Pinaree Sanpitak: Quietly Floating

Installation View of Quietly Floating at Tyler Rollins Fine Art, March 4 - April 17, 2010
Installation View of Quietly Floating at Tyler Rollins Fine Art, March 4 - April 17, 2010
INSTALLATION VIEW OF QUIETLY FLOATING AT TYLER ROLLINS FINE ART, MARCH 4 - APRIL 17, 2010
INSTALLATION VIEW OF QUIETLY FLOATING AT TYLER ROLLINS FINE ART, MARCH 4 - APRIL 17, 2010
INSTALLATION VIEW OF QUIETLY FLOATING AT TYLER ROLLINS FINE ART, MARCH 4 - APRIL 17, 2010
INSTALLATION VIEW OF QUIETLY FLOATING AT TYLER ROLLINS FINE ART, MARCH 4 - APRIL 17, 2010
Quietly Floating Quietly Funny
Quietly Floating Quietly Funny, 2008
Acrylic on canvas
78 x 98 1/2 in. (198 x 250 cm)
Cloud Sprout
Cloud Sprout, 2008
Acrylic on linen
78 x 78 1/2 in. (198 x 199 cm)
Cloud Garden
Cloud Garden, 2008
Acrylic on canvas
78 x 98 1/2 in. (198 x 250 cm)
Cloud Track
Cloud Track, 2008
Acrylic on canvas
78 x 98 1/2 in. (198 x 250 cm)
Brilliant Blue
Brilliant Blue, 2008
Acrylic on canvas
78 x 98 1/2 in. (198 x 250 cm)
Cloud Mist
Cloud Mist, 2008
Acrylic on canvas
69 x 75 in. (175 x 190.5 cm)
Vermillion Sky
Vermillion Sky, 2008
Acrylic on canvas
69 x 75 in. (175 x 190.5 cm)
Dark and Sweet
Dark and Sweet, 2008
Acrylic on linen
78 x 78 in. (198 x 198 cm)
The mirror
The mirror, 2009
Aluminum and mirrored glass
37 1/2 x 76 x 7 in. (95 x 193 x 18 cm), edition of 6 + 2 AP
Quietly Floating: vessel 3
Quietly Floating: vessel 3, 2009
Acrylic on shikishi paper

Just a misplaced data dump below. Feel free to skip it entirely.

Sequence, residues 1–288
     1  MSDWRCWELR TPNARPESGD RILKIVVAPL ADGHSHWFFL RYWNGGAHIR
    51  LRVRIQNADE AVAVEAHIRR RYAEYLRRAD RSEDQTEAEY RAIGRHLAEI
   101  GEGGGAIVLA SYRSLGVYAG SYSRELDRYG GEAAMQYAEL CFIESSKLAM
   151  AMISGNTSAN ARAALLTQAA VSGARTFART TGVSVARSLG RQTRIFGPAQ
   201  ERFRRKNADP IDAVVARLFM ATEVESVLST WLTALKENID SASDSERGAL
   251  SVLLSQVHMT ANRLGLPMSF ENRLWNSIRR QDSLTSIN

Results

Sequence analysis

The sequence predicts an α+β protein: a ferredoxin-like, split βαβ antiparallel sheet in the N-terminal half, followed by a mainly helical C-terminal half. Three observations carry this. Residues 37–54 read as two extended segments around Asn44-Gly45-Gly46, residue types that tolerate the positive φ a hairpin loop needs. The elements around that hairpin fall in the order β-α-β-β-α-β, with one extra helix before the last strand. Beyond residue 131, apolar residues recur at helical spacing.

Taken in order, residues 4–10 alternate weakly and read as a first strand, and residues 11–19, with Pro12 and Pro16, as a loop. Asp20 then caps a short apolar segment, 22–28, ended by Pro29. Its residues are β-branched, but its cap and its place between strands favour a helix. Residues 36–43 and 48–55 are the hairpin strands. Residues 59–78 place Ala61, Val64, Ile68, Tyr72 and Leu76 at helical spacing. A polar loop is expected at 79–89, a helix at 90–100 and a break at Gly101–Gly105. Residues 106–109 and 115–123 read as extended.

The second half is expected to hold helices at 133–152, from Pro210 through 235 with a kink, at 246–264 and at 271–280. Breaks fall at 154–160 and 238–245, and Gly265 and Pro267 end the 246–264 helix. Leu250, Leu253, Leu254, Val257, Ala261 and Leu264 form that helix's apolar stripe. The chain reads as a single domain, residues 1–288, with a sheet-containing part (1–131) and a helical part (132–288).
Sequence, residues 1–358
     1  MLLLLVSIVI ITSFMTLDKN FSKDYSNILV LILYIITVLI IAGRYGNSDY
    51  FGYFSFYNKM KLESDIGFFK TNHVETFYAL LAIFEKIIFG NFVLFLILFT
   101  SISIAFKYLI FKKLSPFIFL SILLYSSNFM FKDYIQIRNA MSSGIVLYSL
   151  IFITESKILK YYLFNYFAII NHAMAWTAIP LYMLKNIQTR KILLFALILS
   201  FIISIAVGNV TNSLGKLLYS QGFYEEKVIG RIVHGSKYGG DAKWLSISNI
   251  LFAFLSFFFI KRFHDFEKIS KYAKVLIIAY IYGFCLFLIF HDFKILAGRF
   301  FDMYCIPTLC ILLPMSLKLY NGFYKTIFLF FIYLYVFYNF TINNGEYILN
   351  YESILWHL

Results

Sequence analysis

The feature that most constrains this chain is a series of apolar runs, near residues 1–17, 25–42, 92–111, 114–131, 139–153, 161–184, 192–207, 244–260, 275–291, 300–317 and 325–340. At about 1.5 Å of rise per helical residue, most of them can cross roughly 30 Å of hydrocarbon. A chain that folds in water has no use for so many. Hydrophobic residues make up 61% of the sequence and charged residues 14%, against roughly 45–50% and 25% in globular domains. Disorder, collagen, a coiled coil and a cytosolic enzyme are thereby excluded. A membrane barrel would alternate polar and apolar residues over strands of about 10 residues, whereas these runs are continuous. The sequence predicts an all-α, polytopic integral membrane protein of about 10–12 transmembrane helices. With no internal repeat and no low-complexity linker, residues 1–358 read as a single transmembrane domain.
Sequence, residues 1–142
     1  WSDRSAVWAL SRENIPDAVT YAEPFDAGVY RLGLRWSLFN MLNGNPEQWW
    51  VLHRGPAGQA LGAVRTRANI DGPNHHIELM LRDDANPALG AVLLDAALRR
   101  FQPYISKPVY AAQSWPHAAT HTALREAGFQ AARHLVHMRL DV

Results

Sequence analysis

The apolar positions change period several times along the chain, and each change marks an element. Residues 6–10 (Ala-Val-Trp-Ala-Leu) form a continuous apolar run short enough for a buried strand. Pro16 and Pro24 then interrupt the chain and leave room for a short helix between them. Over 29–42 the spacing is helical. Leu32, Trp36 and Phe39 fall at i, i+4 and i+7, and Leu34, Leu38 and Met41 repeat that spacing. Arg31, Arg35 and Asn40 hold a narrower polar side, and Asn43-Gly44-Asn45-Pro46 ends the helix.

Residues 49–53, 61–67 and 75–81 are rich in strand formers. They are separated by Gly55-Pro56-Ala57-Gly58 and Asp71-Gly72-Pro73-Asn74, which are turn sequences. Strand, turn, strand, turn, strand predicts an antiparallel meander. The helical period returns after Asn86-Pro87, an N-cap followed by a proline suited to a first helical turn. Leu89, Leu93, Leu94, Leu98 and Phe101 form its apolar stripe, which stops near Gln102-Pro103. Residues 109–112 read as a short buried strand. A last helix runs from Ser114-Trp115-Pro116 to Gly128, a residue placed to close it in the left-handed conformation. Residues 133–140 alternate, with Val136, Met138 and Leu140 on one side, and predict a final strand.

9 1/2 x 10 3/4 in. (24 x 27 cm)
Quietly Floating: blue 1
Quietly Floating: blue 1, 2009
Acrylic on shikishi paper
9 1/2 x 10 3/4 in. (24 x 27 cm)
Quietly Floating: breast clouds 9
Quietly Floating: breast clouds 9, 2009
Acrylic on shikishi paper
9 1/2 x 10 3/4 in. (24 x 27 cm)
Quietly Floating: blue 3
Quietly Floating: blue 3, 2009
Acrylic on shikishi paper
9 1/2 x 10 3/4 in. (24 x 27 cm)

Pinaree Sanpitak is one of the most compelling and respected Thai artists of her generation, and her work can be counted among the most powerful explorations of women’s experience in all of Southeast Asia. For well over twenty years, her primary inspiration has been the female body, distilled to its most basic forms and imbued with an ethereal spirituality. The quiet, Zen-like abstraction of her work owes something to her training in Japan and sets it somewhat apart from the colorful intensity of much Thai art. Her rigorous focus on the female form, explored through a variety of media – painting, drawing, sculpture, textiles, ceramics, performance, and culinary arts, to name but a few – has resulted in an astoundingly varied and innovative body of work.